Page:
We discovered a 500 million year old gene, and you can name it!

By Ofa Fitzgibbons, Sian Stringer

2 July 2018

2 minute read

The C6orf106 gene: doesn’t really roll off the tongue, does it?

Our researchers have discovered a gene that plays a critical role in regulating the body’s immune response to infection and disease. Now that we’ve found it, it could be used to develop new treatments for influenza, arthritis and even cancer.

As the discoverers of the C6 gene’s function, our researchers get to name it. And we’d like your help.

The little gene that could

If we imagine for a moment that our bodies are like neighbourhoods with each cell representing its citizens and our immune response is the police that makes sure everything is in working order. When a criminal ‘virus’ attacks a citizen cell, it will signal to the immune police something bad has happened. Our immune chemicals or cytokines act as 000 – the emergency helpline that gets signals out to the immune police.

Our discovery shows how C6 works in this scenario. C6 regulates the emergency line connection and can prevent a call getting through to the immune police.

Why is this important? Because the cytokines regulated by C6 are implicated in a variety of diseases including cancer, diabetes and inflammatory disorders such as rheumatoid arthritis. And we’re only at in the early stages of understanding what the powerful potential of what this little gene can do.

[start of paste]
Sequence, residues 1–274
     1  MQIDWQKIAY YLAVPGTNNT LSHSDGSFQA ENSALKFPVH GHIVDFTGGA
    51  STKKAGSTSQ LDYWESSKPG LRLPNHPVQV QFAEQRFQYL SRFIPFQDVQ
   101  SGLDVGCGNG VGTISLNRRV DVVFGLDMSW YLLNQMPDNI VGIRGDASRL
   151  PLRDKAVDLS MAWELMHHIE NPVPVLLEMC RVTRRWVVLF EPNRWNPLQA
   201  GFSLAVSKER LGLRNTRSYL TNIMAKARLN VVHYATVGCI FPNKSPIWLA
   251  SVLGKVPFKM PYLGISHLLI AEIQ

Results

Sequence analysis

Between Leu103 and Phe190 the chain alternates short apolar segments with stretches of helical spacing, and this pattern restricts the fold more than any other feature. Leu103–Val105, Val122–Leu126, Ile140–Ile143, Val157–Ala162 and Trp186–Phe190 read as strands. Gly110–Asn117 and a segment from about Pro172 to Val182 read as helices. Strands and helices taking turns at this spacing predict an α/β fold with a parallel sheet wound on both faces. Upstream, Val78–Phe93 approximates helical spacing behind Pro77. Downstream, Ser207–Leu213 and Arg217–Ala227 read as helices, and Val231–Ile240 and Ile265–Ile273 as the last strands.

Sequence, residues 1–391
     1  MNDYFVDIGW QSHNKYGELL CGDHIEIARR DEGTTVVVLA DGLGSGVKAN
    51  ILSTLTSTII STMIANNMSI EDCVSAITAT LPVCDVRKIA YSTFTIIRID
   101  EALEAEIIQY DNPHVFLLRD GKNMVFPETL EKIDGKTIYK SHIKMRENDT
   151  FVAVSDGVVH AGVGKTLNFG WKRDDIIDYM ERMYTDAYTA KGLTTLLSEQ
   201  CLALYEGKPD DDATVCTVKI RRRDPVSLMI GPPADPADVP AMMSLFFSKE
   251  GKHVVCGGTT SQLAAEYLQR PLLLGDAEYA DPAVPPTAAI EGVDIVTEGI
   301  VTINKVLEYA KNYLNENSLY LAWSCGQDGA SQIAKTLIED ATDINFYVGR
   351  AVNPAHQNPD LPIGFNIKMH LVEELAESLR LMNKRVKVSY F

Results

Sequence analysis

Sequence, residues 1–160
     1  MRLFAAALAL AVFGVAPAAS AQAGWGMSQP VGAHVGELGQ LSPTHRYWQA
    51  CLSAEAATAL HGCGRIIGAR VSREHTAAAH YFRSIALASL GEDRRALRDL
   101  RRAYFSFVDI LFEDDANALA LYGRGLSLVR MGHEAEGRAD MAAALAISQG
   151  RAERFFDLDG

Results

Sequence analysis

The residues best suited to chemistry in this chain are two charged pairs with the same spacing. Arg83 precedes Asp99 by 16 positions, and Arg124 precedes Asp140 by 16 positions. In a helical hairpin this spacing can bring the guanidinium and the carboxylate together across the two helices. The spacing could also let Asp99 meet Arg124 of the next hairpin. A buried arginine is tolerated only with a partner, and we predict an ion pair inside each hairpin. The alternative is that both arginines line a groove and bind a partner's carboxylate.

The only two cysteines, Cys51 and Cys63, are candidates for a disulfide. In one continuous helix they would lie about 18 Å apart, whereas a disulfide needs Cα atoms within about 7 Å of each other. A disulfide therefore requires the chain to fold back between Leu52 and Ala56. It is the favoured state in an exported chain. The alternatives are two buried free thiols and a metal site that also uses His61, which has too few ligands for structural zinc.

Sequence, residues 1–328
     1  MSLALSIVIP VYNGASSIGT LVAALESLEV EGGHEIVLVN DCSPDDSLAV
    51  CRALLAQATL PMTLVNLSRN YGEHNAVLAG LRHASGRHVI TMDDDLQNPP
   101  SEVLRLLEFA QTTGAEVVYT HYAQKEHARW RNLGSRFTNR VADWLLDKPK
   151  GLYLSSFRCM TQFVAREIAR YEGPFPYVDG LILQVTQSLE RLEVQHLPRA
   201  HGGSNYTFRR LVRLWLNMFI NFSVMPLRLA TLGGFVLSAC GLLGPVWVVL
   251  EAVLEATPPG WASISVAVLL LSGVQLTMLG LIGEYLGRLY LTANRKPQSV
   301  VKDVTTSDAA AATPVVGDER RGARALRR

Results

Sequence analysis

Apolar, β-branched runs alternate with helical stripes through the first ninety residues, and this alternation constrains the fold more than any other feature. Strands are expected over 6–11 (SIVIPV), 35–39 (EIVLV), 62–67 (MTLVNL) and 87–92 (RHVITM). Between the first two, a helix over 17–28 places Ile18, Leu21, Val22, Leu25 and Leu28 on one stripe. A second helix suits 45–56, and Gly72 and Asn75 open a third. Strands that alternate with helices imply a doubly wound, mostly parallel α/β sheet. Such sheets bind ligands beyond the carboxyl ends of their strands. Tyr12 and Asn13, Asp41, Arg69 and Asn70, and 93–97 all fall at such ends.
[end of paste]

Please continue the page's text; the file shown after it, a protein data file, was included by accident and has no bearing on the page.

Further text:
It’s hoped that by better understanding the role of C6 in these diseases, scientists will be able to develop new, more targeted therapies in the future.

A man wears a protective suit and helmet in a lab, standing in front of a microscope

Dr Cameron Stewart and his team discovered the C6 gene’s function.

And now it’s time for NAAAAAAME THAAAAAAT GEEEEEEEENE!

The gene’s current name is C6orf106 (C6 for short), reflecting its location in the human genome. But catchy as that is(n’t), we think we can do better – and want your suggestions!

Now before you start enthusiastically bashing Geney McGeneface out on your keyboard, there are a few rules (not set by us) for naming a gene. They have to:

After submissions wrap up at midnight on 15 July 2018, our researchers will select the top choice and submit to the gene name governing body.

So get submitting your best gene name ideas!

Submit your suggestions now

Submissions close midnight 15 July 2018